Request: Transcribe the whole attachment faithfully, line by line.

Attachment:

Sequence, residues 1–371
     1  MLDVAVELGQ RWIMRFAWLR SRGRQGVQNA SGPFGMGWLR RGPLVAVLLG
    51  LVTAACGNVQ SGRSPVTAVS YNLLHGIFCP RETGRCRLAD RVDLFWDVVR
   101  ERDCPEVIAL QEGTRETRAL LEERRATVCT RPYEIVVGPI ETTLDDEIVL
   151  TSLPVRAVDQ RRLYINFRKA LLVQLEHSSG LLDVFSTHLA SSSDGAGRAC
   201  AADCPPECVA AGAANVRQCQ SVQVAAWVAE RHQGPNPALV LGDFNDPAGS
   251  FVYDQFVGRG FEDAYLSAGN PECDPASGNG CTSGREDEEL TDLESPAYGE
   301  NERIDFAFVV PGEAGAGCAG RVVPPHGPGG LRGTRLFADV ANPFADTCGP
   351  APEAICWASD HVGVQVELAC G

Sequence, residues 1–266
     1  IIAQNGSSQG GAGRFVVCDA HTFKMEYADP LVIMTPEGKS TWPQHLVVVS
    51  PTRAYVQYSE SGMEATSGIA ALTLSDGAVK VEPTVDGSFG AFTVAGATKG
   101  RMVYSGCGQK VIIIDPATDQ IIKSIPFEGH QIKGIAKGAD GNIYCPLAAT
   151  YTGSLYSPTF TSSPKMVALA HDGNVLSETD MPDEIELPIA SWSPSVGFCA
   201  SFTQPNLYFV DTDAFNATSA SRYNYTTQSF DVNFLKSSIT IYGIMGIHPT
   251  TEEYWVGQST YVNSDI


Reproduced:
Sequence, residues 1–371
     1  MLDVAVELGQ RWIMRFAWLR SRGRQGVQNA SGPFGMGWLR RGPLVAVLLG
    51  LVTAACGNVQ SGRSPVTAVS YNLLHGIFCP RETGRCRLAD RVDLFWDVVR
   101  ERDCPEVIAL QEGTRETRAL LEERRATVCT RPYEIVVGPI ETTLDDEIVL
   151  TSLPVRAVDQ RRLYINFRKA LLVQLEHSSG LLDVFSTHLA SSSDGAGRAC
   201  AADCPPECVA AGAANVRQCQ SVQVAAWVAE RHQGPNPALV LGDFNDPAGS
   251  FVYDQFVGRG FEDAYLSAGN PECDPASGNG CTSGREDEEL TDLESPAYGE
   301  NERIDFAFVV PGEAGAGCAG RVVPPHGPGG LRGTRLFADV ANPFADTCGP
   351  APEAICWASD HVGVQVELAC G

Sequence, residues 1–266
     1  IIAQNGSSQG GAGRFVVCDA HTFKMEYADP LVIMTPEGKS TWPQHLVVVS
    51  PTRAYVQYSE SGMEATSGIA ALTLSDGAVK VEPTVDGSFG AFTVAGATKG
   101  RMVYSGCGQK VIIIDPATDQ IIKSIPFEGH QIKGIAKGAD GNIYCPLAAT
   151  YTGSLYSPTF TSSPKMVALA HDGNVLSETD MPDEIELPIA SWSPSVGFCA
   201  SFTQPNLYFV DTDAFNATSA SRYNYTTQSF DVNFLKSSIT IYGIMGIHPT
   251  TEEYWVGQST YVNSDI